Why You Should Never Stop Reading Fairytales!

 

 

 

 

 

 

 

Never Stop Reading Fairytales! by Karen DeMers Dowdall

Considering that I am really into fantasy, paranormal, fairytales, and witches, this new blog title suits me to a T…Once Upon a time…. It is far better than just my name (it is way too long). This new blog title really makes me happy. I love fantasy stories that begin with Once Upon a time…Madeleine L’Engles, A Wrinkle in time, however, does not begin Once upon a time…it begins with, “It was a dark and stormy night”…that works too.

I have collected volumes of fairytale books, everything from all of Hans Christian Anderson to all of the Grimm’s Fairytales, Scotland Folk Tales, Irish Myths and Folklore, among many other volumes of Fairytales. Perhaps, one could say, I live in a fairytale world of my own making. So true. I can’t think of a better place to live…especially in the world as we live in today.

Also, my collection of books includes my favorite books of tales about Princesses, Dragons, Monsters, and of course…Beatrix Potter’s Peter Rabbit and all his friends, too. Less I forget to mention, my love of everything in King Author’s Court and the Knights, especially, the Wizard Merlin, and also,the Hobbit’s Gandalf the Grey. So many magical creatures that do often represent the best and the worst of humanity.

These stories tell me that most, that perhaps all of humanity is redeemable, because we are not given an instruction manual for raising babies, toddlers, and especially teenagers – God love them, one and all. Oh my goodness, it can be a real juggle out there for those growing up and with our delicate egos at risk…anything can go wrong.

Perhaps, that is why I love Fantasy, Fairytales, Paranormal, Greek Mythology, and Science fiction too. Quoting the famous words of Albert Einstein, “If you want your children to be intelligent, read them fairy tales. If you want them to be very intelligent, read them more fairy tales.” Well…perhaps it doesn’t work with everyone. I am still learning.

I will add to that quote, if I may, my own philosophy:  “Never stop reading fairytales. No matter how old you are! We are forever learning, and not much teaches us more than a good Fairytale!”

by Karen DeMers Dowdall June 4th, 2019

 

 

THOUGHTS ON POETRY

I am reblogging this from something I wrote and posted almost a year ago. It seems that springtime is the time for poetry, when love blooms in the air.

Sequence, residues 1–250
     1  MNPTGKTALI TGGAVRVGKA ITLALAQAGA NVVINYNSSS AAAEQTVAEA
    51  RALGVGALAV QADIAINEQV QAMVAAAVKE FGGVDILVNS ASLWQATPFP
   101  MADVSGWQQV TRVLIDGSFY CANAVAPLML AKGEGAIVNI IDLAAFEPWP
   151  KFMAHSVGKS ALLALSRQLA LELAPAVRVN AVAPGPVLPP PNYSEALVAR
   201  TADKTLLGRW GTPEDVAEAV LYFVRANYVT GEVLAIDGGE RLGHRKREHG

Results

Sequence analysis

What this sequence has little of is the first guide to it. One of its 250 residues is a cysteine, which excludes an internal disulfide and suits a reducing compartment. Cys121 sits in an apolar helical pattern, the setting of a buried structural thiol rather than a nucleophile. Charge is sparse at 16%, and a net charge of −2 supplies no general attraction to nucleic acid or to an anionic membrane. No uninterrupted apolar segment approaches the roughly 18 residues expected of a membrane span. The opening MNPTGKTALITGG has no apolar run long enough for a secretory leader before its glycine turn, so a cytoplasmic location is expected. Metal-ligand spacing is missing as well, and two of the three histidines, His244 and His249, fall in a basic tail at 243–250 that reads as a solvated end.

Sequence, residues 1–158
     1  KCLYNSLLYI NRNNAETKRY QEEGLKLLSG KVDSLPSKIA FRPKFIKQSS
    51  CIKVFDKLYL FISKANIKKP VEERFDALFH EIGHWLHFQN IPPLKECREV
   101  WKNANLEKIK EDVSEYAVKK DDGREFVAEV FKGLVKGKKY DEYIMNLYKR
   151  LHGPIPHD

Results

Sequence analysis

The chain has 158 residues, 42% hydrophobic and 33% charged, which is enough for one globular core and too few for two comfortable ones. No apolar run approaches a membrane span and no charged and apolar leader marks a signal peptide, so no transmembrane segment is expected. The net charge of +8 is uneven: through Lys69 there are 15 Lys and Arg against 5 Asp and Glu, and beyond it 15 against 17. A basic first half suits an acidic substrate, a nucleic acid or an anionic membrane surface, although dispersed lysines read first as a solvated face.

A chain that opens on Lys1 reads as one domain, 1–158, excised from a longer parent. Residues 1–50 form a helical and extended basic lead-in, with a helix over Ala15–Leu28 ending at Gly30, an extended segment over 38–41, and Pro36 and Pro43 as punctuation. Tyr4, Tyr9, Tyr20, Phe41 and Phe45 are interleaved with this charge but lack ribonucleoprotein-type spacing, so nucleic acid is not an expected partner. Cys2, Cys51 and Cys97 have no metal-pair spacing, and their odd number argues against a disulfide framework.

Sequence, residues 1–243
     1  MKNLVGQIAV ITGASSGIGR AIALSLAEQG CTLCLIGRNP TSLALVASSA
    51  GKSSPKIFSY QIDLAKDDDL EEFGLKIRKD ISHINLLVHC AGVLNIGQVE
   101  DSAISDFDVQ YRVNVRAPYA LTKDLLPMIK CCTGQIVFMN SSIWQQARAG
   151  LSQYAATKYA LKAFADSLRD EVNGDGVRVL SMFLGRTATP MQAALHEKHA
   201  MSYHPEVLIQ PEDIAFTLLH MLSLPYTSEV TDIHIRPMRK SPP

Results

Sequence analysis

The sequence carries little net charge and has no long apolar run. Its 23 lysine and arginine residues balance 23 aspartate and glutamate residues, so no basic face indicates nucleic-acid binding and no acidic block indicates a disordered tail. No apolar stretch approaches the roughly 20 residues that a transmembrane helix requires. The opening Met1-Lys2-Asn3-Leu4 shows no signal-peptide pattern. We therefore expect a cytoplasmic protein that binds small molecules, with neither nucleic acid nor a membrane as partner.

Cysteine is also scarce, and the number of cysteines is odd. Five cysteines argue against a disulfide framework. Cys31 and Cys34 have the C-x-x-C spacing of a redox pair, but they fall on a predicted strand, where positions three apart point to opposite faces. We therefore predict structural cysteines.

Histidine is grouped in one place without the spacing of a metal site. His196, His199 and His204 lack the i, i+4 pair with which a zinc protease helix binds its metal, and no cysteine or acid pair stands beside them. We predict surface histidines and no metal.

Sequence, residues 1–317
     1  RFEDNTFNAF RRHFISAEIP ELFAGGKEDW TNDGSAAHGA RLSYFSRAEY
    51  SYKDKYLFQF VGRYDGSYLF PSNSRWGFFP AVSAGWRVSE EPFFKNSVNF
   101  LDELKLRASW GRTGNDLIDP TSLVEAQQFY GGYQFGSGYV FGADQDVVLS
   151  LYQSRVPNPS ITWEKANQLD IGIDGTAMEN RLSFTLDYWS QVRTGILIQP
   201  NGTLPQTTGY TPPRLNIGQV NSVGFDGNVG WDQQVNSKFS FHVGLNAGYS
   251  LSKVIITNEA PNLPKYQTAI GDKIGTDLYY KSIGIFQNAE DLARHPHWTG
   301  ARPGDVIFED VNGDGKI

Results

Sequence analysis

What is poetry and its place in the human psyche? Poetry and prose, I believe, magically transports the reader to visualize vividly a very personal place in time, bringing to life every possible emotion seared into the psyche that the reader may have experienced in real life, wished for, dreamed of, or feared.

This is what makes poetry so emotionally beautiful and painfully true. We get it and it can be transforming. But, where does poetry fit in, in the whole scheme of our human experience. Poetry reflects our romantic inclinations, our troubled history, our social truths, politics, and the most beautiful of all philosophies – who and what are we anyway, in the scope of all there is under Heaven and Earth.

Poetry is romantic. The great writer and poet, Percy Bysshe Shelley said, “Poetry is a sword of lightning, ever unsheathed, which consumes the scabbard that would contain it.”  It is, also, I believe, as Robert Frost wrote, “when an emotion has found its thought and the thought has found words.”

Poetry is more than a history of human desires. “Hence poetry”, wrote Aristotle, “is something more philosophic and of graver import than history, since its statements are rather of the nature of universals, whereas those of history are singulars.”

Poetry is often compared to the ultimate in what is truth. “Poetry, wrote Joseph Roux, “is truth in its Sunday clothes.”  Leonardo da Vinci, believed that, “Poetry is nearer to vital truth than history.” John Ciardi wrote, “Poetry lies its way to the truth.”

Poetry is political. “All poets, all writers are political”, writes Sonia Sanchez, “they either maintain the status quo, or they say, ’Something’s wrong, let’s change it for the better.”

Poetry is also philosophical. John Lennon believed that, “my role in society, or any artist or poet’s role, is to try and express what we all feel. Not to tell people how to feel. Not as a preacher, not as a leader, but as a reflection of us all.”

However, even though all the above quotes bare witness to the impact of poetry and prose on the human psyche, yet, no one has described and defined poetry and prose as beautifully as William Shakespeare, who wrote that poetry is,  “The poet’s eye, in a fine frenzy rolling, doth glance from heaven to Earth, from Earth to heaven; and as imagination bodies forth the forms of things unknown, the poet’s pen turns them to shape, and gives to airy nothing a local habitation and a name; such tricks hath strong imagination.”

Poetry and prose, I believe, represent the wonder of human imagination and all that lies between heaven and earth as we struggle to understand what it means to be human in a world that is constantly changing the definition of what is humanity and what it is not.

by K. D. Dowdall

 

 

Literary Style in Storytelling

 

I thought I would re-blog this informative post, it is a nice follow up to my previous post, Masterful Writing Techniques. Literary Style in Storytelling Posted by Melissa Donovan on December 13, 2016

· https://www.writingforward.com/storytelling/literary-style-in-storytelling

What’s your literary style?

Today’s post includes excerpts from What’s the Story? Building Blocks for Fiction Writing, chapter five:

“Narrative Style, Voice, and Tone.” Enjoy! Literary style is the aesthetic quality of a work of literature—the distinct voice that makes each author unique. It’s the way we string words together, the rhythm of our prose, the catchphrases that pepper our language.